What makes TAO special isn't just the snorkelling, island hopping or amazing food... It's the values that it seems to stand for - the sustainability of the food, lack of single use plastics on board and support it gives to the local communities. The crew on board work with such enthusiasm and passion because of the education and experience they receive from TAO and, through this education, TAO can really make a difference to people's lives. The same can be said for the women on the islands who give massages and stitch all of our bedding, as well as other items available in the basecamp’s shop.
Our three and five day expeditions cost roughly £350 and £500 respectively per person. Sounds expensive, I know. But the experience really is worth every penny! Let’s break it all down for good measure…
2 nights accommodation - we paid 1,250 pesos for a private twin in Coron
3 meals per day - roughly 500 pesos each
1 massage - roughly 500 pesos in Coron
Other island hopping tours - 1,600 in Coron
Mask and snorkels - roughly 100 pesos each on other tours
Water, coffee, tea and rum is included, but beers and soft drinks cost 60 pesos each.
What You Need To Know
TAO themselves make it clear that this is not a tour or cruise like any other, and it certainly isn’t luxury. As they say on their website…
"It might be bad weather, it might be rough waves, limited privacy, barking dogs, crowing roosters, mosquito bites, jellyfish stings, sunburns. But that is the nature of the TAO, the unexpected, the unknown, stepping outside your comfort zone, diving into the experience. We love it, but we understand that this is not everyone’s idea of a holiday.”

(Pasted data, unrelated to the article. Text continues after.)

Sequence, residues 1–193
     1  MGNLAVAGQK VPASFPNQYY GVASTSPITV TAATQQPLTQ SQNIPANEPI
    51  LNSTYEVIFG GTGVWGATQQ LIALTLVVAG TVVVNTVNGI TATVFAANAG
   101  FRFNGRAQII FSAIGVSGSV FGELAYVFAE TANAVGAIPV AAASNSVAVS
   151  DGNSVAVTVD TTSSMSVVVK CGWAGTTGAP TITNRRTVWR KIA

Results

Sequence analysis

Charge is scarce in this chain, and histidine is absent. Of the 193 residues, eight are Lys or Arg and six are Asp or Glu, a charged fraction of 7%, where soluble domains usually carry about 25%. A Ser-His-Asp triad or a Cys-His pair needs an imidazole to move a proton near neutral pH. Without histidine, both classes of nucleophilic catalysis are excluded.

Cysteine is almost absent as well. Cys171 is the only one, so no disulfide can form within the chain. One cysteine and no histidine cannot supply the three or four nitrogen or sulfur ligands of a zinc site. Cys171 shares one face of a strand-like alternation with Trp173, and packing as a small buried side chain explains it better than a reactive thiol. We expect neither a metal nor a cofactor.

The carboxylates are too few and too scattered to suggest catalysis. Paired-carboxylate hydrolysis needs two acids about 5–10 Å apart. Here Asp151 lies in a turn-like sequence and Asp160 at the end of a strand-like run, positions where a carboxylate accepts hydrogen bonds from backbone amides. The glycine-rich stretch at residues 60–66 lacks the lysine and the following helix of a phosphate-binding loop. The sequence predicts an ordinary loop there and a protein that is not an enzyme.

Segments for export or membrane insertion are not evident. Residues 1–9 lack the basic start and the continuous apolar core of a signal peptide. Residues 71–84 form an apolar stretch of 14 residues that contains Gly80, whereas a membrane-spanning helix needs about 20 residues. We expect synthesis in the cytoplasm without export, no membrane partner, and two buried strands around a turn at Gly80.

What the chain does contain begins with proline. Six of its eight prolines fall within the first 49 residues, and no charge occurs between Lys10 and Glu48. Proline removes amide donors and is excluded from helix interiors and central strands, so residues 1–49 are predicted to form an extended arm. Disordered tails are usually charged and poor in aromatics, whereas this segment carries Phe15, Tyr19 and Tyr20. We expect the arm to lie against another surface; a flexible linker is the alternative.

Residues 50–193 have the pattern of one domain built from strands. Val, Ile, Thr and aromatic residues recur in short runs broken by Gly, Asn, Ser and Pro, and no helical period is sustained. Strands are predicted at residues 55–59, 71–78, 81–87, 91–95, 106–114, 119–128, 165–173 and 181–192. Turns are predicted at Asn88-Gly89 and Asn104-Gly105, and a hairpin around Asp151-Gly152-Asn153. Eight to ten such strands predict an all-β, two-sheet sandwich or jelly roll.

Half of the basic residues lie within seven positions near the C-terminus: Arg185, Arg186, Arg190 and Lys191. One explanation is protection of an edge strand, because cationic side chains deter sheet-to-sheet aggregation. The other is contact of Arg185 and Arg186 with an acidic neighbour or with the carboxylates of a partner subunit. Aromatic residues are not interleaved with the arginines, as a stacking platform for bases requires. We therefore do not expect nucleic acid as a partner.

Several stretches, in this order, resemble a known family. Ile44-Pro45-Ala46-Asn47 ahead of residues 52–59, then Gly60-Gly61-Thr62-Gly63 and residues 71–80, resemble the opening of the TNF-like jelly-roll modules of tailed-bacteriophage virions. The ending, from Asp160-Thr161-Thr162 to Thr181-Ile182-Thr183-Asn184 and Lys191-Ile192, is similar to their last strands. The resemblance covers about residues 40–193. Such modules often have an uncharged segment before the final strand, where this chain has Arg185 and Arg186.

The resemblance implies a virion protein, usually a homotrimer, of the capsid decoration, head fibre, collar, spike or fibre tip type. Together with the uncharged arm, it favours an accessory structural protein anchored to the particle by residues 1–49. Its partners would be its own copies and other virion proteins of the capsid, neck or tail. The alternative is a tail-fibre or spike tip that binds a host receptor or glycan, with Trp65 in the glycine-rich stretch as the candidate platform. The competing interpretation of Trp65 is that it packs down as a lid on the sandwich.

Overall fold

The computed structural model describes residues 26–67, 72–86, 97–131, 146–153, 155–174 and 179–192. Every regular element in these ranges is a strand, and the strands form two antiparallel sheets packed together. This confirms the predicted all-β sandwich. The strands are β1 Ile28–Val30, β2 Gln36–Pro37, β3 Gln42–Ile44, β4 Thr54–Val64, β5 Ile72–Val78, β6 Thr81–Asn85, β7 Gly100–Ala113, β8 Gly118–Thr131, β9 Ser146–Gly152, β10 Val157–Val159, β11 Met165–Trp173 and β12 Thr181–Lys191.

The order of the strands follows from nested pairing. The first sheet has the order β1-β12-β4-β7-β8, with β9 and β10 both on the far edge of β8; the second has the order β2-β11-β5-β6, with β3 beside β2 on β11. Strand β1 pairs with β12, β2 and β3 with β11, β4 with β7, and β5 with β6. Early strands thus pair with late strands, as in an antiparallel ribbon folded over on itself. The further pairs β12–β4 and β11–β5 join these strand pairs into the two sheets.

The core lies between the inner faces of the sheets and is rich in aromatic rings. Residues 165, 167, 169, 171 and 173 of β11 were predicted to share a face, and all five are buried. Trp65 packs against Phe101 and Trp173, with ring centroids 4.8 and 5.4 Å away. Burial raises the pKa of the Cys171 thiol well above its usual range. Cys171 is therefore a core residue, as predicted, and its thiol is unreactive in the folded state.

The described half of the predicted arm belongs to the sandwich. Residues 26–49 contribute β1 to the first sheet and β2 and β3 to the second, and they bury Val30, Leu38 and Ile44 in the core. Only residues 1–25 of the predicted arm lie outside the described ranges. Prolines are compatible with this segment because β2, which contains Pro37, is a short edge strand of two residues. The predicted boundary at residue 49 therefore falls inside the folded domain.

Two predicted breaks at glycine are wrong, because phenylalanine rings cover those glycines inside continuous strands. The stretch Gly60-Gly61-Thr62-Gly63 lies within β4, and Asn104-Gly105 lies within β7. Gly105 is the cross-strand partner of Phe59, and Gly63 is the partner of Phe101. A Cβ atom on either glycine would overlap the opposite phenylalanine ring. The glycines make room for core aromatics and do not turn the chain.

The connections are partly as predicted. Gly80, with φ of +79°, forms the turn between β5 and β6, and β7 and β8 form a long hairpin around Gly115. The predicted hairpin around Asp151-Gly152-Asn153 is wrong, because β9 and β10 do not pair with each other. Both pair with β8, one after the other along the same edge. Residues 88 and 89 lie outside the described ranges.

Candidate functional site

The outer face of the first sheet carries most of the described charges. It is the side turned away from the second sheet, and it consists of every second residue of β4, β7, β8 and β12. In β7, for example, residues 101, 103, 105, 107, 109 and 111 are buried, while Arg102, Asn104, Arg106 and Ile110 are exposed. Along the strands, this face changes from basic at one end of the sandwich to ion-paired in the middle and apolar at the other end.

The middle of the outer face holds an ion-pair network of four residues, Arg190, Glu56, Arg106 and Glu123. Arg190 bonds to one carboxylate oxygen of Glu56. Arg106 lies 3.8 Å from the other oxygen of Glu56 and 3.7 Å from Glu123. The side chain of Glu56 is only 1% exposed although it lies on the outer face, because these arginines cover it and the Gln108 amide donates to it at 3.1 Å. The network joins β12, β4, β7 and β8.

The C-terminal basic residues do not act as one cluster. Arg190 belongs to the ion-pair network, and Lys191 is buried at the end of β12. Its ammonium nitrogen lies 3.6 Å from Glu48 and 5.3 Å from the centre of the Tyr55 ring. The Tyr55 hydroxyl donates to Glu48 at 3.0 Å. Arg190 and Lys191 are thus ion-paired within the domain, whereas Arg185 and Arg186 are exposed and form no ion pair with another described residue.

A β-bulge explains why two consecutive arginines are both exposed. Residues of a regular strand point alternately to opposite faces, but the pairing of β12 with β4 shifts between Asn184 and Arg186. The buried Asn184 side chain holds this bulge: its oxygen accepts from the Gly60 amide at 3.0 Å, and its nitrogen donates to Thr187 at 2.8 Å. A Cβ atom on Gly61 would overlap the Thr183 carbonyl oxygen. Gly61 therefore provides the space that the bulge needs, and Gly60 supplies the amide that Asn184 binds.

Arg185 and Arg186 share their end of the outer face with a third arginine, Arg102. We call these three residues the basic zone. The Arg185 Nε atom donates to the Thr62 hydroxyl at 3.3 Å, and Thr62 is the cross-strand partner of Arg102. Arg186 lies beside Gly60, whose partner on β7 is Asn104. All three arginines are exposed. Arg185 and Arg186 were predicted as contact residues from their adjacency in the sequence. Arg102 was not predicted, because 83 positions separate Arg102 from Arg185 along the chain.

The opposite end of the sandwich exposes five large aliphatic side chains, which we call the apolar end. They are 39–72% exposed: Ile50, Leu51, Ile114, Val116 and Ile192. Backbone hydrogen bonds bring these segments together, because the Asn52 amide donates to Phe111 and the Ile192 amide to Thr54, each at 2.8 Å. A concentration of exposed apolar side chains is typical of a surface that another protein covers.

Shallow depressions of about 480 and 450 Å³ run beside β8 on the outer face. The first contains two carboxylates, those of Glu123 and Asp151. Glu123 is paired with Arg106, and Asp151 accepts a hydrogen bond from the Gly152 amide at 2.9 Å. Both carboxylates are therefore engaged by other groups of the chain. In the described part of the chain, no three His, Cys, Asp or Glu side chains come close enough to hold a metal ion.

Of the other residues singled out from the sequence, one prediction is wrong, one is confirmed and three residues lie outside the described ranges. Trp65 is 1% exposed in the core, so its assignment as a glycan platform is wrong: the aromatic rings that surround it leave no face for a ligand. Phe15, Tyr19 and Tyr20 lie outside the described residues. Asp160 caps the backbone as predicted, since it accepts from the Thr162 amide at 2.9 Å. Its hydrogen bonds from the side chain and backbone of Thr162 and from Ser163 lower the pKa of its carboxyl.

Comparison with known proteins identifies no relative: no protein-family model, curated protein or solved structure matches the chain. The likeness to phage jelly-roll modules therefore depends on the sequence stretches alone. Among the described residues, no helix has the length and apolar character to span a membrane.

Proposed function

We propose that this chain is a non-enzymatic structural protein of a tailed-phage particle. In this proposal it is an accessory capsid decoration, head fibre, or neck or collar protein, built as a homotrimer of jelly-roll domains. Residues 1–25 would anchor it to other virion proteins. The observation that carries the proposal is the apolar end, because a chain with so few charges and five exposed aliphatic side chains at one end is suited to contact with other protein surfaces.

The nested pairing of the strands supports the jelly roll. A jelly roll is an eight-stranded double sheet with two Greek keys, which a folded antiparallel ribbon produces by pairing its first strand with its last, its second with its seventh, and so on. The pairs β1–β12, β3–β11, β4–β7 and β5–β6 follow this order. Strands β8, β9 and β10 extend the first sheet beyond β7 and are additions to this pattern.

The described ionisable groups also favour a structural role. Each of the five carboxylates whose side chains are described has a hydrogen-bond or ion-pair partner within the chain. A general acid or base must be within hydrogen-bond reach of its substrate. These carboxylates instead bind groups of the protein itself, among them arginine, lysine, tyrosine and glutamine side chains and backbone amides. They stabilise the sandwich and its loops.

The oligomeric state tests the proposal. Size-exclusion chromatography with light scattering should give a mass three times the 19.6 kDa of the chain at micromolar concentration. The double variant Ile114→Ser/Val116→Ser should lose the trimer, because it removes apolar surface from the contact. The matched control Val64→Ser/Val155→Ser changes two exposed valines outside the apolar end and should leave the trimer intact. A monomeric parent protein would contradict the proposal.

That’s just it - it’s an adventure and that’s why it appealed to us! At the same time, you have to go with the flow a lot and trust in your crew. For example, kayaking to Ginto Basecamp in the pitch black or postponing the trip for a day. Those weren’t easy things for everyone to deal with (especially because the hostels in Coron usually fill up and your stay can’t always be extended).
There’s also no wifi, limited electricity and bucket showers - proper island life! That might appeal to you to, but it might not. What helps is being on a boat with 20 other like-minded travellers, and that isn’t something that you’re always lucky enough to get on other tours. Socialising with them all day long allows you to make amazing friends that you’re sad to part ways with by the end of it!
TAO have recently brought in a cashless payment system for buying drinks on board the boat. Roughly 3,000 pesos per person needs to be loaded on to the cashless bracelet the evening before departure, along with a 200 peso environmental fee. Anything remaining on the bracelet will be refunded, so don’t worry if you think you might need more, which you might if you’re doing a five day tour. Additionally, ATM’s in Coron and El Nido are notoriously unreliable, so it doesn’t help to be thinking one step ahead pre-trip.
What To Pack
A dry bag is an absolute must on a trip like this. Your main bag is stowed away on the boat and never taken to any of the islands, so you'll need a change of clothes, toiletries and any gadgets that you might need
A refillable water bottle
Sun protection (organic of course)
A flashlight for when the lights go out at night
Flip flops or wet shoes (or both)
Camera/Go Pro (optional)
A book/journal (optional)